How does a browser handle this when it’s trying to make sure it does everything in the order you’ve been supplying the instructions? The answer is rather dumb. Super mega dumb actually.
Your $2000 multi-core computer capable of billions of calculations per second will go through the supplied html and when it sees a file in needs to download it will send a request to download the file and then…. WAIT. No, seriously…. it just sit’s there doing almost* nothing. Imagine how much work you’d get done in a day if you waited for a response from every email you sent out before moving onto the next task.
That should give you an idea of how much untapped potential there is to speed things up and is precisely where async/defer comes in.
So what determines the use of one over the other? Simple, if you need guaranteed order use defer, if not use async.
Wait? Defer guarantees order? Why not just use it all the time then? Well, if you tell your computer to just hold off on doing too many of these complex calculations to the very end… than you create a resource bottleneck. Your window will freeze and become unresponsive as it chugs through calculation after calculation. Looking at it a little differently: when you use async, you’re allowing for things to be a little more roughly spread out over time easing the cpu load at the cost of no longer guaranteeing order.
Rather annoyingly (from a debugging/developer standpoint) while the order isn’t guaranteed with async, it often looks like it is. This makes sense, as whatever order you ask for things may well be close to the order you get the responses. If you ever see an issue on a page that only seems to happen sometimes when it’s loaded, it’s an order of execution issue caused by the complex timings not quite lining up on an asynchronously executed script. Note that while this article has focused purely on asynchronous downloading to speed up site delivery, another consideration when coding is whether or not the thing you are trying to manipulate even exist yet. As an example. telling a browser to take a heading, a make it scroll across the page visually. If you don’t have that heading… whoops. Nothing happens.
There is multiple ways to handle a scenario like this:
- putting the code in the footer
- using deferral (which downloads early but executes at the end)
- adding a callback inside the code that tells it to execute once the page is loaded
These all have slightly different implications in terms of resources being spread out and impact on the site, so playing around is sometimes necessary to get the intended results. Also keep in mind that not all pieces are within your control as a developer. In particular, the use of a callback to guarantee something happens at a specific time can be baked into a library you are using which you can’t really change. This is one reason why choosing a library that is optimized for speed/lightweight can be crucial for site speed… but as a general rule, if you have a Java Script (JS) library (which is usually pretty heavy), download/queue it in as early as possible. Often this means creating an “object” in memory of said library as early as possible as well, not just getting the script itself. Note that having libraries ready early is important enough that browsers actually have a feature to signal if a script provided is a library. It looks like this:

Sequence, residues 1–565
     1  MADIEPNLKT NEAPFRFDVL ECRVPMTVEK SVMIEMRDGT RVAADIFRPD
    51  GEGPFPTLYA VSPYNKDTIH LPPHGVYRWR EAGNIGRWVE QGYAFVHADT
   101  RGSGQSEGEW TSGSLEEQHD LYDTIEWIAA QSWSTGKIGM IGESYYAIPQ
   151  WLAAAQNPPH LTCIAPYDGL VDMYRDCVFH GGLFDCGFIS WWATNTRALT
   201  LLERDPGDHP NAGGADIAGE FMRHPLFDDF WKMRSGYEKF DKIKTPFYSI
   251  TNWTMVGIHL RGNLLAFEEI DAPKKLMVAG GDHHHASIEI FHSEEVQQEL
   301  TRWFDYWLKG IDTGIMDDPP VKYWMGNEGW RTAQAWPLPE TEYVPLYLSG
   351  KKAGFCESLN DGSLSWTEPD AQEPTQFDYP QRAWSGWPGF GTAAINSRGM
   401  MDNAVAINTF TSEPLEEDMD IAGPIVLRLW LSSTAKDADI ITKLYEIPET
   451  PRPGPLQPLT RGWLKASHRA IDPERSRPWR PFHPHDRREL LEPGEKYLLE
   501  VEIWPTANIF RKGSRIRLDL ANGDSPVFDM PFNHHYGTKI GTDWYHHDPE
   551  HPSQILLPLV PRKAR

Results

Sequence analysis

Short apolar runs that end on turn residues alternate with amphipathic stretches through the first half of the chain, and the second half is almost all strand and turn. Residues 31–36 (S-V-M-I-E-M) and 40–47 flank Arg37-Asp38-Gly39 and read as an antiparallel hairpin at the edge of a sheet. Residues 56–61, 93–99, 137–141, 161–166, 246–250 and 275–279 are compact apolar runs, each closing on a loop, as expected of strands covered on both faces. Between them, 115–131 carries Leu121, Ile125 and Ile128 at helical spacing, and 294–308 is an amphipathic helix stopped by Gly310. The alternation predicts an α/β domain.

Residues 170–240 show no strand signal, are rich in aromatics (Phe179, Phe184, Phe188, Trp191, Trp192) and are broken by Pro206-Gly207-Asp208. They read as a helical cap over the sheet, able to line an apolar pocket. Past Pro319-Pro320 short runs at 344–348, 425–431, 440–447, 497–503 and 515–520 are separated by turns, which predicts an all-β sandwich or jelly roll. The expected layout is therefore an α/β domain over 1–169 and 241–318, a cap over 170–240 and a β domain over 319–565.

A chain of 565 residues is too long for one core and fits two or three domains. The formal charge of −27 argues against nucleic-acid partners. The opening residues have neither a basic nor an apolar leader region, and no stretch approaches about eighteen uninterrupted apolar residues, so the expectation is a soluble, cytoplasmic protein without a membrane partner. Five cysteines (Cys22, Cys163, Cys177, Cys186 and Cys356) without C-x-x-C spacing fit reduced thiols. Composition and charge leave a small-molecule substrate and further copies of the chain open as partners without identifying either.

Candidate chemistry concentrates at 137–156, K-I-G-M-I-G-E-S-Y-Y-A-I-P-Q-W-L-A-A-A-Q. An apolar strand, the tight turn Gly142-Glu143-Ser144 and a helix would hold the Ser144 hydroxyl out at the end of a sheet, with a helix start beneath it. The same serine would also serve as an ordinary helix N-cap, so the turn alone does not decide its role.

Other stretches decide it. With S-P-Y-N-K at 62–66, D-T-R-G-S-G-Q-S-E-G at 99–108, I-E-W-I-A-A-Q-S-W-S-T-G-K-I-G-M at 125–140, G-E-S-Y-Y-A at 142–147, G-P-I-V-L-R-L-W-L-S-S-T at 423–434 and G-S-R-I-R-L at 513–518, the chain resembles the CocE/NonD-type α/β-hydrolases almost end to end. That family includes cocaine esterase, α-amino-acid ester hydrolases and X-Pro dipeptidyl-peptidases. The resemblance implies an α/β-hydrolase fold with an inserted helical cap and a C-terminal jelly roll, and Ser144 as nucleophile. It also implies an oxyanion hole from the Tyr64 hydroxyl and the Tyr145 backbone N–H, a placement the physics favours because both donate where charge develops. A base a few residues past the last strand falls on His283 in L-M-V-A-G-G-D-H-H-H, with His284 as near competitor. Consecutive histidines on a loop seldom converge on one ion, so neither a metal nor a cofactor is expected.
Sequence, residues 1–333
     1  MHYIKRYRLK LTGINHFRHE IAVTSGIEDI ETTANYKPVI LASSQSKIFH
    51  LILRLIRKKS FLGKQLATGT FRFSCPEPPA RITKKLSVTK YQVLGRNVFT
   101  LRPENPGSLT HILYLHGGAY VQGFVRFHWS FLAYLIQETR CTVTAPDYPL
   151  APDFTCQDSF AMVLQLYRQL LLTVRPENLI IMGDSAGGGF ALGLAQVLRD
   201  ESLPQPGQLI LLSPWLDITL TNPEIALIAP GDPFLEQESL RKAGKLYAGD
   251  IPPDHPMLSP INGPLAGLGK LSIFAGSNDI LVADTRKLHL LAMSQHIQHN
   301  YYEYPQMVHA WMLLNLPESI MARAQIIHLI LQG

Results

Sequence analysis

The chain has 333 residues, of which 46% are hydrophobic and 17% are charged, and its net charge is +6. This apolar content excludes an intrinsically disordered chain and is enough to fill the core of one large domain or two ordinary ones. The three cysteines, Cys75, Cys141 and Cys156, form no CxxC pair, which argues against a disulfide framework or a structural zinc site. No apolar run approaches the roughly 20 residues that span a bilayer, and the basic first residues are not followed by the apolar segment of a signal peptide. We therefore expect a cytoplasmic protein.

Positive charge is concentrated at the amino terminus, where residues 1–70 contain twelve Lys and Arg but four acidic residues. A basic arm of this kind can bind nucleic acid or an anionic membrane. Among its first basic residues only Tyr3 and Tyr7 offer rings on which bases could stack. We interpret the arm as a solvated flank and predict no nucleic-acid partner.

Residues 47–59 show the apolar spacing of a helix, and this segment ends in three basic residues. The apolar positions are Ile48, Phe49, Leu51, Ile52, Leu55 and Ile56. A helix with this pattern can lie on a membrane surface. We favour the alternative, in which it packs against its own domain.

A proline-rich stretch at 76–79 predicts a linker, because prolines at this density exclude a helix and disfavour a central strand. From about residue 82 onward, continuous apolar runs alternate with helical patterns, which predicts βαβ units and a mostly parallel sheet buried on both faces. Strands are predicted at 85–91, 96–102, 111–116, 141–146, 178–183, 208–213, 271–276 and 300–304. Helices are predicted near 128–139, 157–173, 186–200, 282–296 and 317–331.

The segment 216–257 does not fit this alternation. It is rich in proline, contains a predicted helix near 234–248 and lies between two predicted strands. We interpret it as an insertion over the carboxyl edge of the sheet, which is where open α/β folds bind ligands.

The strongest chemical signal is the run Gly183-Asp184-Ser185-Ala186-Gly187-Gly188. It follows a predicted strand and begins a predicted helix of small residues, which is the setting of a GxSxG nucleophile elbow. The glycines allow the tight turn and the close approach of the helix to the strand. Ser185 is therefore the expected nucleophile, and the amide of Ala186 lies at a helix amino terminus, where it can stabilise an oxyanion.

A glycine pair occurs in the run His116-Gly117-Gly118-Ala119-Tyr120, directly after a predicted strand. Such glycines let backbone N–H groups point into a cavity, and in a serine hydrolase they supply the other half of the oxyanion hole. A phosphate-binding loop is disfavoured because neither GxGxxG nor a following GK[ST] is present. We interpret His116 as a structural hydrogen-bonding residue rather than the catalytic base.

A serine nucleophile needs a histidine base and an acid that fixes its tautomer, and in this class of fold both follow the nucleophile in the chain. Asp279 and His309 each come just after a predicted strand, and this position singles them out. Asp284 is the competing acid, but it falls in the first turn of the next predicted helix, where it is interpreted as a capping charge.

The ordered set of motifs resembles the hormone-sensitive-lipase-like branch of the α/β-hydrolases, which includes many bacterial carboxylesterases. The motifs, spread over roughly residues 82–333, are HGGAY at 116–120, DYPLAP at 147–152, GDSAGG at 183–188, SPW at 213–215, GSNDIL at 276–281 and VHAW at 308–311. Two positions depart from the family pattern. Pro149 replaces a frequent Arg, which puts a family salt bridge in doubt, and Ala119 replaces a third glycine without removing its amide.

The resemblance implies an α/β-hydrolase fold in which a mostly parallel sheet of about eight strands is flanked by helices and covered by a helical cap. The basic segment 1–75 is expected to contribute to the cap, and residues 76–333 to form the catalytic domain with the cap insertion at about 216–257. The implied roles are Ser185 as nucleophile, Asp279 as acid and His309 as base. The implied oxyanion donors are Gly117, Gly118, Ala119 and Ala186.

<script as="module" scr=........
Functionally, this is really like saying “this is a module/library. It’s probably gonna big/important with linked files, give it a higher priority to download/prime” and the leaves the complexity of deciding how to do that up to the browser.
If this is all starting to add up into “OMG, how the heck to balance all these considerations?”…. When using libraries that are potentially thousands of lines of code?…… YUP!
Making the complex look easy
So how do we balance all this?
Your first priority should be the “worst offenders”. Not all JS is built equal, and if you have a library that’s 150kb ask yourself if what you get out the library matches what you actually need. Note there’s tools nowadays that can tell you how much of a given library is in use and it’s impact:
Coverage tells you what percentage of a given codebase is in use (example, only 30% of a given library is used on your site)
Performance let’s you see how “heavy” the code is in it’s calculations (example, it take 200ms of complex calls to do what it needs to).